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Several homes near the top of Emigration Canyon were in imminent danger of burning early Saturday as gusting winds whipped a 550-acre brush fire out of control near Killian Canyon.

The fire had moved within 100 yards of three homes about midnight as crews worked frantically to establish firebreaks to halt the advancing flames.Meanwhile, fire crews were fighting three other fires Friday along the Wasatch Front, in addition to the blaze between Emigration and Parleys canyons in the Afleck campground area.

Access from East Canyon, Parleys Canyon and the Emigration Road were closed Friday afternoon because of the fire, said Kathy Jo Pollock, Interagency Fire Center spokeswoman. The cause of the fire was unknown.

"It's real heavy oak brush that's burning," said Pollock.

Nine homes in the Killian Canyon area, eight miles east of Hogle Zoo, were evacuated for the second time Friday about 10 p.m., as the fire reached within a few hundred yards of three homes. Another forty homes in the Pinecrest area were put on notice for immediate evacuation should the Killian homes become involved.

Salt Lake City and County firefighters were trying to establish a firebreak to stop the fire, which split into two columns, threatening the homes from two sides. Winds gusting to 20 miles per hour whipped the blaze out of control.

Four tankers were working on the fire, and Pollock said four 20-person crews and other firefighting teams had been called in to help battle the blaze.

Effects of the fire were seen in Salt Lake City on Friday evening as airborne ash from the blaze drifted from the east on canyon breezes. Many shoppers and people getting off work appeared startled by the fine ash as it settled onto streets and sidewalks. Smoke from the fire also settled into the Salt Lake area, adding to the evening haze.

"It kind of looks like paper. Some of it's white and some of it's black," said Janet Yergensen, a Salt Lake resident who lives near 31st South and 26th East.

A fire near Alpine, Utah County, jumped a firebreak Friday evening on the northwest perimeter and ran up the side of a ridge expanding that blaze from 310 acres to 350 acres.

Fire crews from Michigan, Colorado, Nevada and New Mexico joined local firefighters battling that fire, which continued burning out of control.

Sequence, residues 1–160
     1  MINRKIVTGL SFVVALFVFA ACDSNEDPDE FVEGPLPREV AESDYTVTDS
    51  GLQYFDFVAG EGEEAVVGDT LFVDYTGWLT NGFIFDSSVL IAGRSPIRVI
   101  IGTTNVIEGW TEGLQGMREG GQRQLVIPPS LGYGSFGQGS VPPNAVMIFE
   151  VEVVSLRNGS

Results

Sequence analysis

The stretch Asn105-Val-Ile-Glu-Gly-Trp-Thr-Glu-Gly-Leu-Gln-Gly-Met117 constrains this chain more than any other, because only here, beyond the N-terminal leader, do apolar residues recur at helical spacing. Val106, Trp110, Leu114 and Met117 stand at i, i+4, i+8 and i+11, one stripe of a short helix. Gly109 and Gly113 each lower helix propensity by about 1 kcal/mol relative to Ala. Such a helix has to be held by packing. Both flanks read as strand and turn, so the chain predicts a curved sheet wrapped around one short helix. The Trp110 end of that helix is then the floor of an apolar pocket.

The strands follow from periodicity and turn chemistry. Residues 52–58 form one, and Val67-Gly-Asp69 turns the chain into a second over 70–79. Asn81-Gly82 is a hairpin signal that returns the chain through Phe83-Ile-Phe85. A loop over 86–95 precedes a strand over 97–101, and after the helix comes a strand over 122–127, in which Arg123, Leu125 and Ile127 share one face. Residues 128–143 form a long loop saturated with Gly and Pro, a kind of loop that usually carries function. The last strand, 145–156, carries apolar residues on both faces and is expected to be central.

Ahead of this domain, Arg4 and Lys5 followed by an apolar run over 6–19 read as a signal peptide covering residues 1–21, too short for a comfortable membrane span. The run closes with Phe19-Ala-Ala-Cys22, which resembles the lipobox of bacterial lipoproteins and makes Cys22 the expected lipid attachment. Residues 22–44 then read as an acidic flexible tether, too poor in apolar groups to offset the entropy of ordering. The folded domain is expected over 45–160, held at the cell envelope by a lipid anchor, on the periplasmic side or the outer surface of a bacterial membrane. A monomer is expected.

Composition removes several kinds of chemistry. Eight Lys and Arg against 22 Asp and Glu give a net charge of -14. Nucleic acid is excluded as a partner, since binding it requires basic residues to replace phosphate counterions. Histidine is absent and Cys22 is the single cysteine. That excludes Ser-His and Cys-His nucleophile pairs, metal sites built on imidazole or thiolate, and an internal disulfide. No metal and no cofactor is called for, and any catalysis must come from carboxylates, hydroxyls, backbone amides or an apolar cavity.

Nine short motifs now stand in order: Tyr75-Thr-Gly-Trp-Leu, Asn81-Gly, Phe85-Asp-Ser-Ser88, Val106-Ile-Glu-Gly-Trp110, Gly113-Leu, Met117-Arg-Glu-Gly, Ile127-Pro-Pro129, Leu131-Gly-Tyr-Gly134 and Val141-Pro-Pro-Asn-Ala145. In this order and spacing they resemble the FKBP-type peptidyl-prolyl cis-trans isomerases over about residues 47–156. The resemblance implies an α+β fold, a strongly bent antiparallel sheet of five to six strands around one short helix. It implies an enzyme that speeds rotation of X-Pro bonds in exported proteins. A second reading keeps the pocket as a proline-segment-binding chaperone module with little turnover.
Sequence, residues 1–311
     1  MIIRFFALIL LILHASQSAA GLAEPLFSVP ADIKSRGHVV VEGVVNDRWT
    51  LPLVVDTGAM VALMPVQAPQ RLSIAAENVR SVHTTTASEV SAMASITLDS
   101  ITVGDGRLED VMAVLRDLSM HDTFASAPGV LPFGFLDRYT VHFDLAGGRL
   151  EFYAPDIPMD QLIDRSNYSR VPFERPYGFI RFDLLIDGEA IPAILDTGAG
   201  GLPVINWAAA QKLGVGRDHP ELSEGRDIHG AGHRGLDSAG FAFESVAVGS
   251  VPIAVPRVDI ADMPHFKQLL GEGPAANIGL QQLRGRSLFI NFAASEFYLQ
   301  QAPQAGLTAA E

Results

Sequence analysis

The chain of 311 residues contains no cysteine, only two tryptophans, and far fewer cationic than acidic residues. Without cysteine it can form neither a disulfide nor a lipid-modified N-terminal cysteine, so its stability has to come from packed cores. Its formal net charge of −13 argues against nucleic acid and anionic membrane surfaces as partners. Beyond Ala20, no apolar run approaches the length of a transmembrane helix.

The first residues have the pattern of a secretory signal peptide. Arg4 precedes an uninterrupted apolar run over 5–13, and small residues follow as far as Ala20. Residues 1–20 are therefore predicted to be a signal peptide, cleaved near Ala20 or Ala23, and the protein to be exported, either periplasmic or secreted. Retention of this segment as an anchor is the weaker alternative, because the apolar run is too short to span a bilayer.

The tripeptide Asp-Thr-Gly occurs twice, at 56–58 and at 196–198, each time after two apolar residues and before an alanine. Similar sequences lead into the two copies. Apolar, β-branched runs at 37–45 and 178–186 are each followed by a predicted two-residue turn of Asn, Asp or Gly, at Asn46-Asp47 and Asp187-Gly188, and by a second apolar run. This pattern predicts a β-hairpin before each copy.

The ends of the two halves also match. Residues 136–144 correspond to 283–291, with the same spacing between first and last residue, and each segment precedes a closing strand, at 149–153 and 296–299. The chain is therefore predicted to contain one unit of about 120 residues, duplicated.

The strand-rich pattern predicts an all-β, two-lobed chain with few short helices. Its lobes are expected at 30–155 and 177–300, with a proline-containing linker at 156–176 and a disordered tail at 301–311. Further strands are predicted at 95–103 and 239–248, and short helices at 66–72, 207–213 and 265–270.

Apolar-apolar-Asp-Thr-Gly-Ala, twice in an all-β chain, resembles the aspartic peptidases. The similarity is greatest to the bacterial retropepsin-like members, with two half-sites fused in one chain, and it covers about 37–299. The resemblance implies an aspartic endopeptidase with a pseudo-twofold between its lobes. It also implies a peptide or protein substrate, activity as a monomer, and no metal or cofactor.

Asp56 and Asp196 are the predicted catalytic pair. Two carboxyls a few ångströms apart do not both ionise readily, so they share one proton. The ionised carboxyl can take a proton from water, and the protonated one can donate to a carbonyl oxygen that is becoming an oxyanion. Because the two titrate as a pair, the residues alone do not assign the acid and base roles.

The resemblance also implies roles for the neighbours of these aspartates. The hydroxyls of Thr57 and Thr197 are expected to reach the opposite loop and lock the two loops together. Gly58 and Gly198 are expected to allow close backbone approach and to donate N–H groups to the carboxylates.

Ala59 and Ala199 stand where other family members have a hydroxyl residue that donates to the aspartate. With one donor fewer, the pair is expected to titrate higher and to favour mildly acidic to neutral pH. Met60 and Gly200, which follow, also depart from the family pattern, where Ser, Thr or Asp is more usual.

Uinta National Forest officials had hoped to contain the fire by Monday and control it by Tuesday.

There was no indication whether the fire's expansion would change that timetable.

Forest Service spokeswoman Loyal Clark said the Federal Aviation Administration had imposed an air closure to aircraft because curious spectators had been flying over the area causing problems for tankers flying water and fire retardant drops into the area.

A tanker plane continued to make air drops during the afternoon Friday while ground crews received help from bulldozers and fire engines. A Forest Service helicopter flew in from Boise on Friday afternoon and was expected to help with water drops beginning Saturday morning.

The danger to homes became a major concern late Friday as shifting winds caused the fire to move within one mile of homes in the Alpine Cove area. Crews built firebreaks in the area while residents watered down their roofs and property.

Officials believe the Alpine blaze was sparked Wednesday afternoon by an abandoned campfire near Sliding Rock in Fort Canyon.

A 2,000-acre fire near Powder Mountain ski resort in Weber County continued to frustrate firefighters Friday. The fire was considered under control on Tuesday, but roared back to life Wednesday fanned by gusting winds that pushed the fire over firebreaks.

"The fire remains about a half mile from the town of Eden and there is no threat to any structures," Pollock said.

Another fire, which erupted Thursday, had burned more than 100 acres by Friday evening. Heber firefighters and crews from Michigan are were battling the Wallsburg Ridge fire near Deer Creek Reservoir. Additional crews have had been called. Officials have had not estimated a date for containment or control of that fire.